By Jef With One F
By Bob Ruggiero
By Corey Deiterman
By Marco Torres
By Angelica Leicht
By Angelica Leicht
By Charne Graham
A little vindication... On a personal level, I can identify with the plight of this city's much-maligned (and slightly paranoid) local music scene. As a plump kid who hungered for respect, I took a lot of abuse during my impressionable grade-school years, living for those rare moments when the weaknesses of my oh-so-superior tormentors were exposed by those who knew better.
Maybe that's why I took a dysfunctional pleasure in writer Andy Langer's reaming of Austin's famed Sixth Street in the October 11 issue of the Austin Chronicle. What was once the hub of the "Live Music Capital of the World," Langer claims, has in recent years taken a turn toward the lame. Attendance is down at some of Sixth Street's most respectable haunts, including once-reliable venues such as Steamboat and Headliners. Who's to blame? According to Langer, just about everyone, from lazy bands to indifferent audiences to the bigger, concert-hall style venues whose high ticket prices for big-name shows leave music lovers with less disposable income for clubbing.
Apparently, appreciation of local original music is waning among the University of Texas student body, members of which account for a disproportionate amount of Sixth Street's paying customers. Many undergrads, it seems, would rather spend their evenings scouting drink specials at bars, dance clubs and brew pubs, playing it safe with a cover band and even (God forbid) crooning into a karaoke mike. The way they see it, $3 pitchers and no cover sure beats shelling out $5 at the door and $2.50 a beer to hear a band no one knows anything about. And often, the reason no one knows anything about said band is because said band hasn't bothered to promote itself even through such simple techniques as postering and starting a mailing list.
Small crowds, lazy bands, poor promotion, bellyaching journalists -- hmmm, sounds familiar. The Houston music scene has long been a lightning rod for such bad karma. Sure, there are concrete reasons to bitch, and many of them have been addressed in this column: lack of organization, lack of cooperation, lack of even the most informal pact between musicians, club owners, labels and other local players to work together toward something a little more far-reaching than their own survival. Our scene could use an ego boost, and bolstering its self-esteem can only make it a more attractive place for major-label scouts and touring bands. A Sixth Street/Deep Ellum atmosphere downtown -- say, around Market Square -- wouldn't hurt matters, either.
The best thing (and, some might argue, the worst thing) about being dumped on for so long is that our humble little music community has a skin about as thick as it comes. With that "others be damned" attitude occasionally comes rewards -- significant ones, in fact. Local heavy alternative quartet Chlorine, for instance, practically bullied its way into a just-inked deal with major-label Columbia.
"I hunted recorded companies; I lied to get past secretaries," says lead singer Mark Fain. "I've been slagged a lot for being too cocky, but the truth is, I'm just highly motivated. Too many bands around here would rather just sit around and smoke pot and do nothing."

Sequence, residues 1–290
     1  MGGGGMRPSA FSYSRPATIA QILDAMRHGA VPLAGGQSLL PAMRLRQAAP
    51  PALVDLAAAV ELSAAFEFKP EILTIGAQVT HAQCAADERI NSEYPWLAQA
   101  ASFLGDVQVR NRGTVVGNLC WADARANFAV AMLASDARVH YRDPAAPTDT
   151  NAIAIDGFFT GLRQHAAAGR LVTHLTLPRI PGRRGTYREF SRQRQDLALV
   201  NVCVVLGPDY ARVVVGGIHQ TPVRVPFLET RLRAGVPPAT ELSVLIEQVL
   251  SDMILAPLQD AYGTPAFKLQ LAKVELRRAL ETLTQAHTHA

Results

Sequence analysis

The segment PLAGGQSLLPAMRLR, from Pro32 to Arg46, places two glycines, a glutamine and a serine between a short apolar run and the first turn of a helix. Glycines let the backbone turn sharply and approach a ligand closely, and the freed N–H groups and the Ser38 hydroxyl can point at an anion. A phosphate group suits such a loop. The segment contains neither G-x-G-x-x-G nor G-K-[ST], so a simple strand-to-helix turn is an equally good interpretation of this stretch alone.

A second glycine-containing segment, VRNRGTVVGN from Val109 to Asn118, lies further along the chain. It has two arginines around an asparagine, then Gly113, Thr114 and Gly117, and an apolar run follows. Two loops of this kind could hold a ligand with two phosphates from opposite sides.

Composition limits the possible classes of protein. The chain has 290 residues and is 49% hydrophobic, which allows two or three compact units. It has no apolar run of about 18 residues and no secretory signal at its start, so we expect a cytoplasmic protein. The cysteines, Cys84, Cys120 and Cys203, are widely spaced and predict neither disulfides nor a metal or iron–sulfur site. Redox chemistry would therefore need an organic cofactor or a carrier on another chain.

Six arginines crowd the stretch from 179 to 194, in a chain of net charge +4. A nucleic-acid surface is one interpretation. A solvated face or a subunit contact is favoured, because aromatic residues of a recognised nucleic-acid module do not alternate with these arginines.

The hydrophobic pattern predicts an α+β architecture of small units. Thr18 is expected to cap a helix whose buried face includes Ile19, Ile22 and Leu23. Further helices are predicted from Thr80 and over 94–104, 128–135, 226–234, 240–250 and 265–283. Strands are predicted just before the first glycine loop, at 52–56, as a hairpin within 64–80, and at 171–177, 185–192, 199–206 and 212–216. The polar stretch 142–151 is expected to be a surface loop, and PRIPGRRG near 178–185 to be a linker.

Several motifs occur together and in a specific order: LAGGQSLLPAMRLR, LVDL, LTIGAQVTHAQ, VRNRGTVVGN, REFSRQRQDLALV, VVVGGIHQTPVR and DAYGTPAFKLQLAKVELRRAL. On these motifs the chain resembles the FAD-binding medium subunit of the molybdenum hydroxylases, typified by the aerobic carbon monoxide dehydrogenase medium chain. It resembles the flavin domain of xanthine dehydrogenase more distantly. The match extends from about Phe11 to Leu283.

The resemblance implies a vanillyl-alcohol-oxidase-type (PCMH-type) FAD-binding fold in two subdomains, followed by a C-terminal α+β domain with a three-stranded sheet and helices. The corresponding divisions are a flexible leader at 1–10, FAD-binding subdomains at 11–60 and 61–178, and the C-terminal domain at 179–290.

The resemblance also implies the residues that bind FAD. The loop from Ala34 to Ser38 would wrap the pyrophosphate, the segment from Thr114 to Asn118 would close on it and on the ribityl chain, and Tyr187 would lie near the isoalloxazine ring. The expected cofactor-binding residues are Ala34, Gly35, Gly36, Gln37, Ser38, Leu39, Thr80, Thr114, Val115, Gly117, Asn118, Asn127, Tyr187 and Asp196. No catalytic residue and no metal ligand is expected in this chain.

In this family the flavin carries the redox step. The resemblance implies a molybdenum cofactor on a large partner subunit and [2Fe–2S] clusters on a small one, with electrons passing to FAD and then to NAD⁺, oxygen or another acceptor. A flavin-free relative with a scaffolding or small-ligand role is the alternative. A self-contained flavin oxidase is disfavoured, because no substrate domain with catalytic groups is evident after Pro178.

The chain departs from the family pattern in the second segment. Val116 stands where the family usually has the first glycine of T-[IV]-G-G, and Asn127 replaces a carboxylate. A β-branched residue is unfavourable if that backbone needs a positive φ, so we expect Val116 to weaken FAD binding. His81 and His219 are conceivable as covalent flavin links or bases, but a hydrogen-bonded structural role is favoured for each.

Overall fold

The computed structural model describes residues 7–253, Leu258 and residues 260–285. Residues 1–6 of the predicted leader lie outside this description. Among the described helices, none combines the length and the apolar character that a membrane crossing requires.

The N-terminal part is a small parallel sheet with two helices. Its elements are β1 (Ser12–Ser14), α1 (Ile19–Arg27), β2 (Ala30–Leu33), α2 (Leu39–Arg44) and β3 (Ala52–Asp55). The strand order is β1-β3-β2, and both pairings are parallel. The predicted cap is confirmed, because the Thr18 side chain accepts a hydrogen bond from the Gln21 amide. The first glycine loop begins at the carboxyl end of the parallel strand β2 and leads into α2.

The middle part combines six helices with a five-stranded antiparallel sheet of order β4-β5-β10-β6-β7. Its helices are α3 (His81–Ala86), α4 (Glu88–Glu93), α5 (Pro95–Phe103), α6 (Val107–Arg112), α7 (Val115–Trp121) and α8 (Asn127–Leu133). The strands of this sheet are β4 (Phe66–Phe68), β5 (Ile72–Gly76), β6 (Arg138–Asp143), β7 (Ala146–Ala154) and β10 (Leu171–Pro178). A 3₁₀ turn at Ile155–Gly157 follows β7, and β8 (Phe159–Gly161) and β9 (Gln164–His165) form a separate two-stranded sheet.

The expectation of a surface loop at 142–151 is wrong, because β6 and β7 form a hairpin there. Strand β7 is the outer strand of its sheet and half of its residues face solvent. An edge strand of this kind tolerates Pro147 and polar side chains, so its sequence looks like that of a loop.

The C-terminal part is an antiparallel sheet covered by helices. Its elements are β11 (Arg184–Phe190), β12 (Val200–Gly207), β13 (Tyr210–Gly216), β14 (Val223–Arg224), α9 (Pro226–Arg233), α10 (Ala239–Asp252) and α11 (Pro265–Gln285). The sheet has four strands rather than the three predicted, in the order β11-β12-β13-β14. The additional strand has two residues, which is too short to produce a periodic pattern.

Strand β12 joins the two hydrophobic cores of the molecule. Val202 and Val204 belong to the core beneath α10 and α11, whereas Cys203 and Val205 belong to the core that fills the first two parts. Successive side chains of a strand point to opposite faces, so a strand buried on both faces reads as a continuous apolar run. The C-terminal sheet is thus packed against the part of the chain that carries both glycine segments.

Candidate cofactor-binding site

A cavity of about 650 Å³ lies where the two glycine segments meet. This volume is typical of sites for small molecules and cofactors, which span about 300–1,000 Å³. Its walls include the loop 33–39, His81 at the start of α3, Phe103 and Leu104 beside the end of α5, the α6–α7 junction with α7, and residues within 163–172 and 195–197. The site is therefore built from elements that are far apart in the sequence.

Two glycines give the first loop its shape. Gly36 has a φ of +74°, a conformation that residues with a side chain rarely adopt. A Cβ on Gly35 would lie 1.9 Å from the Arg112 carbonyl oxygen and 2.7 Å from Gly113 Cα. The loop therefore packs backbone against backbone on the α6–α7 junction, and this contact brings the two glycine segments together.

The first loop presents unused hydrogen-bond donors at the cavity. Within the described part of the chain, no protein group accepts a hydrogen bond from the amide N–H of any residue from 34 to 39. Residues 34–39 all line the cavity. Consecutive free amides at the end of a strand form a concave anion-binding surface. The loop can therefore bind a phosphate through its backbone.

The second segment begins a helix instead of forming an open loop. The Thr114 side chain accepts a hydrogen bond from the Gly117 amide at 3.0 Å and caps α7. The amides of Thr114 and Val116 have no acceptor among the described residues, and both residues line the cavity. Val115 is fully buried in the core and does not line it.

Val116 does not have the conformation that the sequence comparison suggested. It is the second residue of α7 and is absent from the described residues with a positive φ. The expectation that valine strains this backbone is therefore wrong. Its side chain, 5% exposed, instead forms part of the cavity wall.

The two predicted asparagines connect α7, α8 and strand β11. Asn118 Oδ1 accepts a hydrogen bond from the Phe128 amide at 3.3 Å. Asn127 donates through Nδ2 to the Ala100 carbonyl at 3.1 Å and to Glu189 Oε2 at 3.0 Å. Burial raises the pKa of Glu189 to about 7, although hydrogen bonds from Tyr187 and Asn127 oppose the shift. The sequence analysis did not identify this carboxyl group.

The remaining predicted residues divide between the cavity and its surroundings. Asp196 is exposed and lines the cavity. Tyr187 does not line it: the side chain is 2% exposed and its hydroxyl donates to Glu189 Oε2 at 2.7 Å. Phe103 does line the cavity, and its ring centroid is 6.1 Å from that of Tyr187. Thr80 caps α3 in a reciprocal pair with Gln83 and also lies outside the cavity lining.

Chlorine gained the respect of Columbia A&R rep Benji Gordon, whom Fain had met a while back while playing with a band in Los Angeles. Fain returned to Houston eight months ago to start Chlorine, which made a demo at Sound Arts Studios with money supplied by Gordon, and now finds itself a member of the Columbia family.
Another recent addition to that family is inventive singer/songwriter, and Houston native, David Rice. He released two CDs on Justice Records before heading off to the West Coast to find his fortune. Now based in Austin, Rice is currently in England working on his Columbia debut at Peter Gabriel's Real World Studios.
So, yes, big things can happen to musicians from Houston; and, no, Austin shows no signs of succumbing to a lethal bout of self-pity; and, yes, we will continue to be seen by some as the capital city's doormat. But hey, look at it this way: we only have to contend with obnoxious packs of boozed-up collegiates on school holidays.
Etc.... Friday morning at the Sunnyside Multi-Service Center, the Houston Blues Society hosts the first of four free concerts focusing on the blues and its influence on other genres. It features Jimmy "Louisiana" Dotson (blues), Kinney Abair (jazz), Jacky Scott (gospel) and Dope "E" (rap). That evening, members of the Houston chapter of the American Guild of Organists convene at theU of H Organ Hall for two special Halloween performances. Costumes encouraged. If that's not a frightful enough Friday night prospect, how about three hours of chillingly aimless doodling from the Dave Matthews Band at the Cynthia Woods Mitchell Pavilion? If anything, go for opener Me'Shell Ndegeocello, and blow off Dave and all that loosey-goosey instrumental nonsense. For jams with a point, try Austin's Breedlove, which recently finished recording its debut CD, Reach Out, available in stores November 8. The band makes its semi-regular appearance in Houston Saturday at the Fabulous Satellite Lounge. Also Saturday, a culturally diverse underground experience at Emo's Alternative Lounge with California performance art freak show Idiot Flesh and Czechoslovakia's Uz Jsme Doma, the latter of which combines the folk traditions of its homeland with punk rock, avant-garde music and other unlikely ingredients.
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